A much-anticipated result from an international science experiment provides strong evidence for the existence of an undiscovered subatomic particle or new force.
The result, announced today, from the Muon g-2 experiment at the Fermi National Accelerator Laboratory, provides tantalising evidence that the elementary particles called muons are not behaving in the way they are supposed to according to the leading theory of physics – the Standard Model.
Scientists from the UK, funded by the Science and Technology Facilities Council, have played a vital role in the g-2 experiment. Muon g-2 is an international collaboration between Fermilab and dozens of labs and universities in seven countries, including the UK.
The UK collaboration comprises the universities of Lancaster, Liverpool, Manchester, and UCL and the Cockcroft Institute of Accelerator Science and Technology.
Lancaster University physicists have created novel computer simulations to investigate the motion of the muons.
Dr Ian Bailey, who leads the Lancaster University contribution, said: "Nothing is more exciting to a physicist than finding tensions between theoretical predictions and experimental measurements. High-precision measurements of the properties of particles in dedicated experiments complement the measurements made at high-energy colliders like the LHC, and give us another tool to probe the nature of the Universe. The data collected by the Muon g-2 collaboration continues to be analysed, and we are all excited to see what is revealed next."
What is Muon g-2?
The Muon g-2 experiment searches for signs of new particles and forces by precisely examining the muon’s interaction with a surrounding magnetic field.
The muon, when placed in the magnetic field, itself acts like a tiny magnetic compass and like a gyroscope, this compass rotates at a certain precise frequency, predicted by the Standard Model.
However, the g-2 collaboration has measured this rotation to be faster than predicted – suggesting that our current understanding of physics is incomplete, and hints at the presence of additional particles or hidden subatomic forces that are manifest in the subatomic quantum fluctuations surrounding the muon.
These high-precision measurements depend on a detailed knowledge of the short-lived muons' trajectories as they circulate inside the magnetic fields of the experiment.
A decade of waiting
This result has been anticipated for over a decade, since a measurement published in 2006 from an experiment at Brookhaven National Lab stood at odds with the Standard Model.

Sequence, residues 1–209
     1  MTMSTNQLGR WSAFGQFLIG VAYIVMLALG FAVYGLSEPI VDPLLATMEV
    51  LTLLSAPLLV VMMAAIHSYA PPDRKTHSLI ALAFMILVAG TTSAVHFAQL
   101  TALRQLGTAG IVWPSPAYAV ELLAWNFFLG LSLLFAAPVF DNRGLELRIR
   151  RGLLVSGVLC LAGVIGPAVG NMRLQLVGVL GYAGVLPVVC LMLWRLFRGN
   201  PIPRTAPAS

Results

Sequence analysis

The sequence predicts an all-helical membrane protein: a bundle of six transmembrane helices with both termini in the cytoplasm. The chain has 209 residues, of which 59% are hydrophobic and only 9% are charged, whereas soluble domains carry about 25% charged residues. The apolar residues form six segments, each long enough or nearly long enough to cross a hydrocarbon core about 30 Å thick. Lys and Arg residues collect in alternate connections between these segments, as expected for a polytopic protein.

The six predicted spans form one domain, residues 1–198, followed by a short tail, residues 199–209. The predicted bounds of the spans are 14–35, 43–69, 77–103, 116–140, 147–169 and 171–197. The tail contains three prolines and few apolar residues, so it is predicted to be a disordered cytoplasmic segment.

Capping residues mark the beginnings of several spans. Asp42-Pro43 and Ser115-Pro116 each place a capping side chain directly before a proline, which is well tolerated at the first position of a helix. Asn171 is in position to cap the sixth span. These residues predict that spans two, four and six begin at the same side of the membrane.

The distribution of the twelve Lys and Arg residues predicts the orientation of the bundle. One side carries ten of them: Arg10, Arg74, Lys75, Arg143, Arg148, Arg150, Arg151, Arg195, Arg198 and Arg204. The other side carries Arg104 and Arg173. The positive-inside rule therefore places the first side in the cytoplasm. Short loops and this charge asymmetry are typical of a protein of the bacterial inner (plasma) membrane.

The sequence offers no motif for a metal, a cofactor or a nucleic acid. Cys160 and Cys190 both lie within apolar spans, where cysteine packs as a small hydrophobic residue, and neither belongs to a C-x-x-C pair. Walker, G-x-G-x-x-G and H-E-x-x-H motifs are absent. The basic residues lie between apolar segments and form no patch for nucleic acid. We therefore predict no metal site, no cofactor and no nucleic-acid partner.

The highly anticipated result from Fermilab pushes the precision of the experiment into uncharted territory in the quest to confirm or refute that finding.
Professor Mark Lancaster of the University of Manchester is the UK lead for the g-2 experiment and an ex co-spokesperson of the experiment.
He said: "This is a long awaited measurement and provides strong evidence that hints at the existence of new particles and forces.
"We know our current list of fundamental particles and forces is incomplete because they are not sufficient to explain the dark-matter content of the universe or that the universe has very little anti-matter.
“This measurement alone has a one in a thousand chance of being a statistical fluke and one in 40 thousand when combined with the previous measurement from Brookhaven. It falls short of the one in a million gold standard used in particle physics to claim a discovery, but we are already analysing much more data that will significantly improve the precision of the measurement by more than a factor of two.”
This result, along with other recent developments including the recent LHCb result, could suggest that scientists are on the precipice of a new era of physics.
Professor Lancaster added: “When viewed together with the recent measurements from CERN's LHCb experiment, there seems to be a pattern emerging of muons behaving differently than our theory predicts.
“This measurement is the most precise measurement ever to be made at a particle accelerator: it has an uncertainty of better than 0.5 parts per million.”
STFC has supported the UK’s role in this experiment since 2014 and UK physicists have had a very significant role in the experiment, providing one of the two main detector systems and one of the experiment’s co-spokespersons from 2018-2020.
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